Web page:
The organization of the unskilled – for a large part of labor history – has been specifically a task of the left wing of the trade union movement, without itself being ideologically revolutionary. This is a conception which, while it is perfectly accessible to the most elementary-minded worker, in practice has been the task of the left wing of the trade union movement. And in the IWW, you get the convergence of a period in American history and labor forces where this was acted out to its fullest extent. That is, the drive to organize unskilled workers came, not only from a wing of the movement which felt itself to be revolutionary, but was also tied up with a syndicalist and dual union conception of unionism.

Now, as we know in hindsight, those two things were not necessarily bound up logically. They weren’t necessarily bound up in the later history of the trade union movement, because the mass organization of the unskilled became the task, in later years, of the CIO. The CIO, in order to carry out that task, had to split from the AFL; that is, it had to become an independent dual union of the first type that I discussed. As you know, it never did take on any of the characteristics of an ideological leftist dual union, of the second type.

The third example of tendentious dual unionism was the Communist Party’s experiment with dual unionism which followed the TUEL. By 1928, the TUEL, primarily as a result of Stalinism and the Communist International, was turned into a systematic dual union federation. This began at the beginning of 1928. By 1929, it had changed its name to the Trade Union Unity League. So, the TUUL from 1929, until that line petered out in the Communist International in 1934, represented the third fairly large-scale effort at a leftist dual union federation. And the history of the TUUL from this point of view was as instructive as the history of the TUEL from the point of view I discussed last time. You can get a good rundown on the operations of the TUUL in Howe and Coser’s History of the Communist Party. You can read about the mess the TUUL made in the fields in which it was involved – coal, the Shoemakers’ Union, the Needle Trades Industrial Union (as against the ILGWU and the Amalgamated). The activities of the TUUL gave rise to stories of heroic trade unionism in rank-and-file struggles, where blood ran and courage was high – for the greater glory of the Communist Party line, and which were undercut because the Communist Party was using, for its own political ends, those struggles – such as the Gastonia struggle, the Passaic strike (which was organized by the CP in a real situation of tremendous exploitation, by importing a Harvard law student, Albert Weisbord, to become leader of the strike), etc.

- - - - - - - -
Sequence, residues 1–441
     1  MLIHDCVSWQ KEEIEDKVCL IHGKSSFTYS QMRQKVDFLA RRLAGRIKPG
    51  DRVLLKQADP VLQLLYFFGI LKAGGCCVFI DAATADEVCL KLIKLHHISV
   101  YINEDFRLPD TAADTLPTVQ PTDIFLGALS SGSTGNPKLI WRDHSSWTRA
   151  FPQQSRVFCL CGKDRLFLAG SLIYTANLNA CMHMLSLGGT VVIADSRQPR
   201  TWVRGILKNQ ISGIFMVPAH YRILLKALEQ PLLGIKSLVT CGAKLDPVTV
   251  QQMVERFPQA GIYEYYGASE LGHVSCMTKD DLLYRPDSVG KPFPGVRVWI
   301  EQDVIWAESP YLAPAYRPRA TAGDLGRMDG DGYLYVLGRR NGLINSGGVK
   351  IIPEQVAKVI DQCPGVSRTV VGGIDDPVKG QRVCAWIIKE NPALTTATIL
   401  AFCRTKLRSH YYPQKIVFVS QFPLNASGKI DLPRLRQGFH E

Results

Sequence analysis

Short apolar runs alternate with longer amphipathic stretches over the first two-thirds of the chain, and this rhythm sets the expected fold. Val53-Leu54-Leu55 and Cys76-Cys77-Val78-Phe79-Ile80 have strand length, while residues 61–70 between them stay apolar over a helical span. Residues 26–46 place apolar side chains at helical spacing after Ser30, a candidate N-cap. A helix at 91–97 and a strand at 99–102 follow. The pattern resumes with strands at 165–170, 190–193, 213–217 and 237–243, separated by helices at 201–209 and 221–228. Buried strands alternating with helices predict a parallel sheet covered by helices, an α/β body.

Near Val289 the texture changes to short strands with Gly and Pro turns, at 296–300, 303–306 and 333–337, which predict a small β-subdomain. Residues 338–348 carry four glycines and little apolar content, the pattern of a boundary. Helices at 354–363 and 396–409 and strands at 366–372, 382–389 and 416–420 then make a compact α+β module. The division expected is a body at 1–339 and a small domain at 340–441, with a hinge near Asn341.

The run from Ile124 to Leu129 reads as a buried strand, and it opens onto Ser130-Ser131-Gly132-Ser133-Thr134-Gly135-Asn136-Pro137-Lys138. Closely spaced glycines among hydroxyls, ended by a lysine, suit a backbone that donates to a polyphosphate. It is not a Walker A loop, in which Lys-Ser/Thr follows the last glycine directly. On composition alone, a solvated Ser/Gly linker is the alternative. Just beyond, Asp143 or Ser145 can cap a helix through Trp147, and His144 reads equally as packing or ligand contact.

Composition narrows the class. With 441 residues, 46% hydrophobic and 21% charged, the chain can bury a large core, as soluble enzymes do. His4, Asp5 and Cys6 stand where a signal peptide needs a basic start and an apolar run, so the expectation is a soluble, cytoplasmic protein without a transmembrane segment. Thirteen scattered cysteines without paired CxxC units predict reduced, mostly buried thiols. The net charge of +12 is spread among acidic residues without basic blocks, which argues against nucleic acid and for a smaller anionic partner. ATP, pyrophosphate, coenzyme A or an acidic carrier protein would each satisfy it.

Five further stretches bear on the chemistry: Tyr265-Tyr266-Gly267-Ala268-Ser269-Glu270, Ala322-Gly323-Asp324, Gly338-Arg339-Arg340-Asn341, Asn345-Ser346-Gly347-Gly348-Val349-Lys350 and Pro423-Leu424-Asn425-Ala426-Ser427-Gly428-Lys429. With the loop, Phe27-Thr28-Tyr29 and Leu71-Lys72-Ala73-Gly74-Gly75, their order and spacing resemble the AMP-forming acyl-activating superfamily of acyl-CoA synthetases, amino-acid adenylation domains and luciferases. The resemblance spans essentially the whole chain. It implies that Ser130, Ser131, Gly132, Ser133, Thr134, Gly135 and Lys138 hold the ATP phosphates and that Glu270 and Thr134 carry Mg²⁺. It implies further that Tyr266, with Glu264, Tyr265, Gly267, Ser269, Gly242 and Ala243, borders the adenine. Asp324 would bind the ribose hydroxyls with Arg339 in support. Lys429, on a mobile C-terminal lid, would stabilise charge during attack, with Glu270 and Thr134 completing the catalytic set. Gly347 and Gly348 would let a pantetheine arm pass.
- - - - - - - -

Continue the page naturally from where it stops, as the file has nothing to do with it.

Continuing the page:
On the one hand, there were the tremendous forces of struggle, which the AFL never could and never did tap. On the other hand, these forces flowed into the political confines of the CP and were not so much betrayed as frittered away. The CP line was not a trade union line, or even a line that had the possibility of developing a mass movement of struggle; it was a political expedient for the Communist Party.

So, when you look at these three cases, they’re quite different – in their motivations and in their consequences. One thing, however, is common to them: they show the futility, from the point of view of revolutionary socialism, of trying to substitute revolutionary unionism for the combination of a revolutionary party carrying on its political work, and a trade union movement representing the whole class on its elementary basis, where it is, and not on an advanced basis laid down by fiat.

The extreme form of this takes place when the revolutionary unions are substituted for the party; then you have syndicalism.

Dual unionism of this sort – ideological dual unionism – has been a failure. It has demonstrated, precisely where mass class-struggle movements were possible on an elementary trade union basis, that such an approach to trade unions cannot (a) build a revolutionary party and (b) build a revolutionary trade union movement, and leads, therefore, to the foundering of both.

At this point, there’s another side of this question, another fantasy that has to be discussed. Not the fantasy that we’re going to substitute “class struggle” unions for the class-collaborationist unions, but a more advanced fantasy.